Last fall I traveled the state from Mountain City to Memphis on my Red Tape Tour, looking for ways to make job creation easier. I heard a recurring theme from business owners on every stop of the tour. Of all the state rules and regulations stifling job creation, complaints about Tennessee’s unemployment system dominated the conversation.
Contrary to the insistence of the Left, the vast majority of business owners do not enjoy laying off workers. I’ve done it myself. It is a heartbreaking act for all concerned. But sometimes decisions have to be made for the good of a business — so that only a few people lose their jobs rather than the scores of people laid off when a company collapses.
In this time of national economic uncertainty, it is hard to put capital at risk to own and operate a business. Government has an obligation to do no harm and create an environment where business can thrive and keep people employed.
No employer begrudges an employee collecting unemployment insurance (UI) when s/he has been let go through no fault of their own. Times are tough, people are hurting and sometimes the next job is not waiting just around the corner. That’s what our unemployment system is for: to serve as a bridge from one opportunity to the next.
Some however seek to abuse the system. We took aim at that abuse in the unemployment reform package we passed this session, the anchor of which is the Unemployment Accountability Act of 2012.
Our aim was simple: Make sure everyone who is entitled to unemployment insurance continues to receive it and remove from the system those who do not deserve benefits.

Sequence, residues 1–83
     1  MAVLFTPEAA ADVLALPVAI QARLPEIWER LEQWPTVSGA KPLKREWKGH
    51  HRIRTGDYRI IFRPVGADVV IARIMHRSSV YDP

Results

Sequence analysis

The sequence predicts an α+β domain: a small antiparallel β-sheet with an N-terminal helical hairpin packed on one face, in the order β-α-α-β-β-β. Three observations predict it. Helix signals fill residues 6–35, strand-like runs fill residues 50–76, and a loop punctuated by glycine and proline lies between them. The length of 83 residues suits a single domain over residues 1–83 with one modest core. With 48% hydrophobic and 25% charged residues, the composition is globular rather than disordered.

One of the ways we did this was by strengthening the definition of misconduct. Strengthening the definition of employee misconduct ensures that those who have been fired for cause — theft, willful negligence, disregard of written policy — no longer receive benefits.
Our reform also enacts new work search requirements for unemployment beneficiaries. Those collecting benefits must provide detailed information regarding contact with at least three employers per week or access services at a career center. Our reform also requires audits to ensure the integrity of job searches.
We also — and I realize this is a drastic step — make it illegal to collect unemployment benefits while incarcerated.
I wish I was joking but we actually found cases of people on unemployment while receiving full room and board for violating the laws of the state.
These are reasonable, common sense reforms that bring the system in line with what most Tennesseans expect it to be.
These reforms not only protect business owners from abuse of a system they pay for — it benefits job seekers as well.
Nothing cures a society’s social and economic ills like full employment. A man or woman receives not only economic remuneration from work but a significant amount of spiritual fulfillment. The sense of self-worth that a job brings to an individual cannot be overestimated.
Losing a job can be debilitating mentally. The urge to withdraw from all other aspects of life while unemployed can be compelling. I believe we do the unemployed a disservice by simply cutting them a check with few strings attached.
This reform encourages accountability by those on unemployment. It assures that they remain engaged in the job hunt and use the assistance of state career centers to get back into the job market.
While the media focused on saggy pants and evolution – issues legislators spent little time on – the people’s legislature was focused on important work like UI reform.
This unemployment reform helps job creators stay in business and aids the unemployed in their job search while protecting taxpayers from fraud and abuse.
This is conservative government in action.
An abridged form of this column appeared in the Nashville Tennessean.
Filed Under: Uncategorized